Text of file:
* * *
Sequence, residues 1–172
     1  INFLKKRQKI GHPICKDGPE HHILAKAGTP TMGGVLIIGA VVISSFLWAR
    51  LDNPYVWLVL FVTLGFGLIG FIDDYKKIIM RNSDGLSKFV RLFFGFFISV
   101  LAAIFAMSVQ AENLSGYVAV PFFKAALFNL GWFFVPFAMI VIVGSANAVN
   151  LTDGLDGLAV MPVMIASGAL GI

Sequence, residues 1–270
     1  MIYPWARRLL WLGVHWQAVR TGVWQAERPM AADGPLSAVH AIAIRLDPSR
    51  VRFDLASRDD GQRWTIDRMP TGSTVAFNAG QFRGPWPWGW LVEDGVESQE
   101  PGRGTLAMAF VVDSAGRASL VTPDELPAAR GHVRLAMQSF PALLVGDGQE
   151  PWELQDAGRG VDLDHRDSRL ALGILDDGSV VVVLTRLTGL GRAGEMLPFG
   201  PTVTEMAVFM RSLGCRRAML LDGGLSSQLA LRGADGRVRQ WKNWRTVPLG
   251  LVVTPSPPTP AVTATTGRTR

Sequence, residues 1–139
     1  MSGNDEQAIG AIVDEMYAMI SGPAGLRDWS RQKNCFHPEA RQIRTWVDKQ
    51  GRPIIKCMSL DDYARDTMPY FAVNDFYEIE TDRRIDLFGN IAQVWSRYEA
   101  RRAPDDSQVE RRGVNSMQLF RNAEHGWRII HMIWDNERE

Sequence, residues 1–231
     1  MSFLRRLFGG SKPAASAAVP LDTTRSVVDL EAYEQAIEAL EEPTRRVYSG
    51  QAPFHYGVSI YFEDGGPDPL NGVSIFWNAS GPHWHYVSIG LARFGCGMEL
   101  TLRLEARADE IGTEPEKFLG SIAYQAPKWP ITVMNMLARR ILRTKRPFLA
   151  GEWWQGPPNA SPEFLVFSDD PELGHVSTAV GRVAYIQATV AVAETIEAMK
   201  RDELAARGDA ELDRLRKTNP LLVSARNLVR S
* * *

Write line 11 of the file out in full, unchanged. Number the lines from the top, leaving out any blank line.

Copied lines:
   201  PTVTEMAVFM RSLGCRRAML LDGGLSSQLA LRGADGRVRQ WKNWRTVPLG